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It's been a very busy and full day, beginning just after 06:30 when we went down to breakfast at the hotel, having woken fairly early due to the jet lag. We spent the day exploring Brooklyn with David D., who I've known for maybe 25 years or so, and who had moved to New York to live with his American wife nearly 20 years ago. David is a keen photographer, and has published two photo collection books on New York: As Seen in Brooklyn, and Manhattan: Top to Bottom.
Being a keen photographer myself, I explained to him that I had not brought a digital SLR camera with me on the trip, but had elected instead to bring a 35mm film SLR, loaded with old black and white film which expired some time back in the 1970s. I figured if any place was suited to retro black and white photography, it was New York. (For colour photos I relied solely on my iPhone.)
I woke up before 04:00 with jet lag and couldn't get back to sleep, but M. slept until about 06:00. We went down to breakfast at the hotel soon after it began at 06:30. The buffet selection included cereal (corn flakes and raisin bran), bread for toasting, bagels, pancakes, boiled eggs, sweet pastries and doughnuts, yoghurt, and bananas and apples. We stuck to cereal and bagels and fresh fruit. M. tried another coffee from the automated machine in the lobby but after one sip decided to stick to a hot chocolate instead.
We walked over to a subway station near Times Square to get some tickets and then catch a number 3 train to Grand Army Plaza in Brooklyn. We tried to buy Metrocard tickets from a machine, but it wouldn't take my Amex card because I couldn't enter a valid US ZIP code. So we had to pay cash to a lady in the booth. Don't they think of foreign visitors when designing the ticket machines?
Prospect Park, Brooklyn.
We arrived a bit early, but David was there waiting for us. He took us out and past the Grand Army monument towards Prospect Park. Along the way he informed us of a lot of the history of Brooklyn, which was interesting and a great way to understand the area a bit better. I felt a bit like we were Anthony Bourdain or someone from a travel show, getting the inside story about the place from a local, which was awesome.
The morning was hot with the sun beating down out of a clear sky, but thankfully nowhere near as humid as last night. We ducked from shade to shade under the trees in the park. David said it was designed by the same guys who designed Central Park, but Prospect Park was much more raw and wild in appearance, with rolling hills and large stands of trees which looked more natural than designed. After a while we headed out to a street and walked roughly east towards downtown Brooklyn, through the Park Slope neighbourhood, passing along leafy streets lined with brownstone houses.
Houses of Park Slope.
We stopped on a side street at a place called Cocoa Bar for some cool drinks. David got a large iced chocolate, which sounded good so I asked for one too. M. got an iced latte coffee. The "iced chocolate" was very different from what you'd get in Australia by that name, as it was more like a very dark chocolate milk, just with ice cubes, and none of the cream or ice cream we would have. It was richly chocolatey, but not very sweet, which was good. We swapped stories of what we'd each been up to for the past 15 or so years since we'd seen each other.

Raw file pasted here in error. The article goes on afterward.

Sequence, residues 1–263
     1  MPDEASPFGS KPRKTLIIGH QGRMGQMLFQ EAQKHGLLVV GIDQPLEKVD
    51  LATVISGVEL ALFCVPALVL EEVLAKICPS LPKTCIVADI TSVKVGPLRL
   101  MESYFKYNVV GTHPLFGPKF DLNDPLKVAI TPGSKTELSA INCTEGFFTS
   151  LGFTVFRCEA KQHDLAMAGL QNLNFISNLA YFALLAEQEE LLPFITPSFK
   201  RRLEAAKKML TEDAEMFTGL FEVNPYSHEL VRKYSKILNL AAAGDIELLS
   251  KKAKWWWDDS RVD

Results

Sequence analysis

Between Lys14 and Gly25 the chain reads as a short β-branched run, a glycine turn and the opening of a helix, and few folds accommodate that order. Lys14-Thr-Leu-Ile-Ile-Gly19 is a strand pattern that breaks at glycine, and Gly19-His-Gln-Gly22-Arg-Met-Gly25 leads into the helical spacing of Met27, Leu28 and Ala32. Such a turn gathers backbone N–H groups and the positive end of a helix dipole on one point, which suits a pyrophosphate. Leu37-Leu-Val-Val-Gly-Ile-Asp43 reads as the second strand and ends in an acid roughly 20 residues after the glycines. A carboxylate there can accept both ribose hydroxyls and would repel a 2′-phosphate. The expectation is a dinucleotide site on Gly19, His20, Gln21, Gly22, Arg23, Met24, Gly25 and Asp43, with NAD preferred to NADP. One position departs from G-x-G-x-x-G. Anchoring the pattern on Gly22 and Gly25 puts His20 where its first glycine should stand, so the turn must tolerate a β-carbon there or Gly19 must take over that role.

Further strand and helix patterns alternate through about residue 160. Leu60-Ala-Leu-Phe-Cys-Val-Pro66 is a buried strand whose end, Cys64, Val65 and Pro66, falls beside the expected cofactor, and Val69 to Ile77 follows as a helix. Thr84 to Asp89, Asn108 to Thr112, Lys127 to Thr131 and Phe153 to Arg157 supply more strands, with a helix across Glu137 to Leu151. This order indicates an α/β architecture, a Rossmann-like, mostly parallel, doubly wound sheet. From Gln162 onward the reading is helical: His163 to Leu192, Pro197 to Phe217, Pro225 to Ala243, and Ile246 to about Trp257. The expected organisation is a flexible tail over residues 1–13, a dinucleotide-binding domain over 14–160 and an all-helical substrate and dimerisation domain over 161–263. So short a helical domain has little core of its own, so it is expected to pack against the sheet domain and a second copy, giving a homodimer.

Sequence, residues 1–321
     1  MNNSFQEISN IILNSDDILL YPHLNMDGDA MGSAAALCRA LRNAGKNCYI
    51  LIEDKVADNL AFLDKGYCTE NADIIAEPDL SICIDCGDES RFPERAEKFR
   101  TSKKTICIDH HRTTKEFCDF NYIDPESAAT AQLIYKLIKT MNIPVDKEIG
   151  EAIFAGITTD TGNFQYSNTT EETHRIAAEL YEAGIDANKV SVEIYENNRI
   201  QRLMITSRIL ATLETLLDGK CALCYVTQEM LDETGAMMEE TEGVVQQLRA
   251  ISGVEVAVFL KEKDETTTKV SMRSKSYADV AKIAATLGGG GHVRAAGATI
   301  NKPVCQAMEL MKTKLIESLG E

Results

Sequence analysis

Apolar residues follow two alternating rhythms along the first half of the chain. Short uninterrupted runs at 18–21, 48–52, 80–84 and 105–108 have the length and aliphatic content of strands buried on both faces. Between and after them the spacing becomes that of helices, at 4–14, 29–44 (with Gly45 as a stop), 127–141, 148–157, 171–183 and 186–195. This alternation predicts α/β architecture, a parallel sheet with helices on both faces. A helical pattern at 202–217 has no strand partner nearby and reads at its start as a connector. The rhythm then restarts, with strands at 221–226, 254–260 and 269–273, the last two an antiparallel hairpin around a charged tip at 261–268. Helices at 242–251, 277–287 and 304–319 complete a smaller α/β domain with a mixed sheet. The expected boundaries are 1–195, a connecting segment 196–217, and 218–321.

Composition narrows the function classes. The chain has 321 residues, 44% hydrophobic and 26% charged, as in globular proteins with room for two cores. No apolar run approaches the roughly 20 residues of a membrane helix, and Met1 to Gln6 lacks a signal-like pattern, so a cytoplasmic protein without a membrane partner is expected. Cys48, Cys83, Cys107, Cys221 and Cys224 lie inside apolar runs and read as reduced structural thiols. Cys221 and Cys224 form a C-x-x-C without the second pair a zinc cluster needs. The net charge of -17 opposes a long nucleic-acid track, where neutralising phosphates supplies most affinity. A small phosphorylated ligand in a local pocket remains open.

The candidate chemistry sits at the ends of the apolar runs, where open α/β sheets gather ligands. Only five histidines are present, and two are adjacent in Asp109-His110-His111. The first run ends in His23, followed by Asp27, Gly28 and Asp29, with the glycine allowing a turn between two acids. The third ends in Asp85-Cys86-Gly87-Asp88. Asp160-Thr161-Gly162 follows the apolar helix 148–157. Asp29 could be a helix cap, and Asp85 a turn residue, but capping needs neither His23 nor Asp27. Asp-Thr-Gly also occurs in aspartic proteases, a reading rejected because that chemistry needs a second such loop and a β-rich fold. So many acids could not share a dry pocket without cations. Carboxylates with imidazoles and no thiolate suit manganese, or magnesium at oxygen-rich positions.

After sitting for a bit to cool down we ventured out into the heat of the day again. We came across the Old Stone House, which played an important part in the American Revolutionary War. It was the site of a major British victory in the war, which saw General Washington retreat from Long Island and New York. David said most Americans didn't know anything about it, as they only learnt about American victories in the war. He also told us about the house's later history as the clubhouse of a baseball field, which had now been converted into a children's playground. Nearby was a small farmer's market selling produce and food items, which we walked through to approach the Stone House.
The Old Stone House.
At the Old Stone House itself we went inside to see the museum displays. A lady at the entrance told us there was a reception on inside for a piano recital, but we could still go in and look around. There were people having drinks and snacks in there, but we just looked at some of the displays, including a large map of the Battle of Long Island. David also found some old photos of the baseball field to show us as well.
From here we walked through a few blocks of more industrial landscape in the neighbourhood of Gowanus, crossing the Gowanus Canal, which David described as somewhere you really didn't want to go swimming.
Houses in Carroll Gardens.
We ended up on another street lined with shops and restaurants, in the neighbourhood of Carroll Gardens. Here we stopped at a place called Zaytoons which did Lebanese food. M. had a plate of falafel, hummus, labneh, fried haloumi, a boiled egg, and some beans, while I had a plate of fried spicy sausage and potato, topped with a couple of poached eggs. It was all delicious.